More than Your Job Description

Many people want to do more at work.  They have ideas of what they would do if they had more time, control or authority. And when changes happen at work that disrupt their norm, when they are asked to do more, they get frustrated and upset that they aren’t getting paid for the extra effort.

It gets tough to see sometimes. Because you can see the writing on the wall.

It’s like seeing a waiter who has been doing the bare minimum ask the table their serving for a tip before they “up” their serving game. It’s a pay first and I’ll show you what I can do mentality. The only problem is, if you showed what you were actually capable of beforehand, you wouldn’t be in this situation. You would either be compensated more appropriately or you would leave to get compensated appropriately. And compensation is a very loose term. To some it means money. To other it means autonomy. To others it means respect. But all of those things come after the price has been paid. You don’t get promoted in order to do more challenging work. You get rewarded with a promotion BECAUSE you saw your way through the challenges and took on ownership of things that were beyond your “job description”.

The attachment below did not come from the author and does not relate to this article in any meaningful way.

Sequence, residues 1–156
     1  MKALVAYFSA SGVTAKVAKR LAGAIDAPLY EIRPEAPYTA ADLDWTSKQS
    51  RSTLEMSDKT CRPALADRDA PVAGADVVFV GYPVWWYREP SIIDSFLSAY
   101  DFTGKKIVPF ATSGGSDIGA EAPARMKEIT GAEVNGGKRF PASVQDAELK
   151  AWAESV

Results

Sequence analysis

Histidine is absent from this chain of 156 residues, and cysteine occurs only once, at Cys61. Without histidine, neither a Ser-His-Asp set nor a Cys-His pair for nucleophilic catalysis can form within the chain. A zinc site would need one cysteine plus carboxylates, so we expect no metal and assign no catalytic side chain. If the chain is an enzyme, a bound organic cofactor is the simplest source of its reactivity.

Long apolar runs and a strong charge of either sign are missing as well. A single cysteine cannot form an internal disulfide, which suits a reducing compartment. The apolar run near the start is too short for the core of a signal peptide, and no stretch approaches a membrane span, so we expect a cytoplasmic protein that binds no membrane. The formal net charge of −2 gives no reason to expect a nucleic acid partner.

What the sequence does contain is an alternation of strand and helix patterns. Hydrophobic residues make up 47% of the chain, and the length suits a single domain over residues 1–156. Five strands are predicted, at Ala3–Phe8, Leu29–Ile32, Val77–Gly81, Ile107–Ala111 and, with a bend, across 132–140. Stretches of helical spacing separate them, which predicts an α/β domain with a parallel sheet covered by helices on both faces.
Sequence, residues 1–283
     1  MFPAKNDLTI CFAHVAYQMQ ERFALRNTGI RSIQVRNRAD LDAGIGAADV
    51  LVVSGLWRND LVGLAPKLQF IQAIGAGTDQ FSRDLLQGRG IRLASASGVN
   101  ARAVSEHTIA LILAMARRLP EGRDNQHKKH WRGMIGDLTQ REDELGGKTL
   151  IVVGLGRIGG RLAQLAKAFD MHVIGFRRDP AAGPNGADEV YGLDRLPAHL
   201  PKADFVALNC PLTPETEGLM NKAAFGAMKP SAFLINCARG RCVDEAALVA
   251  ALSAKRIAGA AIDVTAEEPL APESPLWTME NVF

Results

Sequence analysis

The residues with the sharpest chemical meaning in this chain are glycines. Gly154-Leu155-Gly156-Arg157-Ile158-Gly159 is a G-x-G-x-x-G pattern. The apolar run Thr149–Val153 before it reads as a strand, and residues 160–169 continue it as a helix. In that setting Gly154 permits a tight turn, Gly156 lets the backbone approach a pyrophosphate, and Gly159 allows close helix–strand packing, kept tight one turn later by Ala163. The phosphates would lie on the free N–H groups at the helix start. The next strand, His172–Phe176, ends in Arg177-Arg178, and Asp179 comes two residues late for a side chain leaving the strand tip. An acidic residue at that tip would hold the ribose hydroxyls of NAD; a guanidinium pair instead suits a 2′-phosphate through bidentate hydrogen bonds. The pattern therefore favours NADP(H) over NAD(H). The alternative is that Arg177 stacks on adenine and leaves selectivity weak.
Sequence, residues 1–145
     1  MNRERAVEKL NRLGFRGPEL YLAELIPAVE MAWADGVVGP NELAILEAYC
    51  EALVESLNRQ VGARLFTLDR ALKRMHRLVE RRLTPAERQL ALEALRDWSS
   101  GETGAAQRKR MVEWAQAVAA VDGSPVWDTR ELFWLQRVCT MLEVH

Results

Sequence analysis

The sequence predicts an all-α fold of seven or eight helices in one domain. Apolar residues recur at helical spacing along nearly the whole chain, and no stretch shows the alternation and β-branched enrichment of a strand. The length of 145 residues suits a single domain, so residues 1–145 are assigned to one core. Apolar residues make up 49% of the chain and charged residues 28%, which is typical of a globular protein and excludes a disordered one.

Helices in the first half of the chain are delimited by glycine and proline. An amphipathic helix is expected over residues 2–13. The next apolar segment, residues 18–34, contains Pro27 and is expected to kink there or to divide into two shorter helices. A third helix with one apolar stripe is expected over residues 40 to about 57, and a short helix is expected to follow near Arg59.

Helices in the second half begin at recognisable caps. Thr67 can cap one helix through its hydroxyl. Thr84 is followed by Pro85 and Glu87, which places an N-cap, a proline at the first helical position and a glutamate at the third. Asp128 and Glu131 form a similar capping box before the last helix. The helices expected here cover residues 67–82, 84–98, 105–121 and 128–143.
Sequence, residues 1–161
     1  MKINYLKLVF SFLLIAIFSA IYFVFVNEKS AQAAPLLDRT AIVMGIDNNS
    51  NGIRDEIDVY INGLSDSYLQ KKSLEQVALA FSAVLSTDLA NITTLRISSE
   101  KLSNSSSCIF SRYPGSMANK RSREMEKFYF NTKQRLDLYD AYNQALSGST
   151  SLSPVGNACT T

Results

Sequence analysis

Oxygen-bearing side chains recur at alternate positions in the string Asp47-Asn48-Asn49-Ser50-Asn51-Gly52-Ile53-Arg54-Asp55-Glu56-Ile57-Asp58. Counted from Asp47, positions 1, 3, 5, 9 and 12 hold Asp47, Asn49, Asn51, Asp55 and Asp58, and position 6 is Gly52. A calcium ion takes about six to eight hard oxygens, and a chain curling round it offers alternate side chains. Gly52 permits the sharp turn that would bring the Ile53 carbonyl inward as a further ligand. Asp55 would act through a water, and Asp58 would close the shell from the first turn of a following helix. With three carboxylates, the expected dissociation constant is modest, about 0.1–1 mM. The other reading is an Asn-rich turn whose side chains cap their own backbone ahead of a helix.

Having ideas of what your job should be is great. Making that job your job description is up to you.

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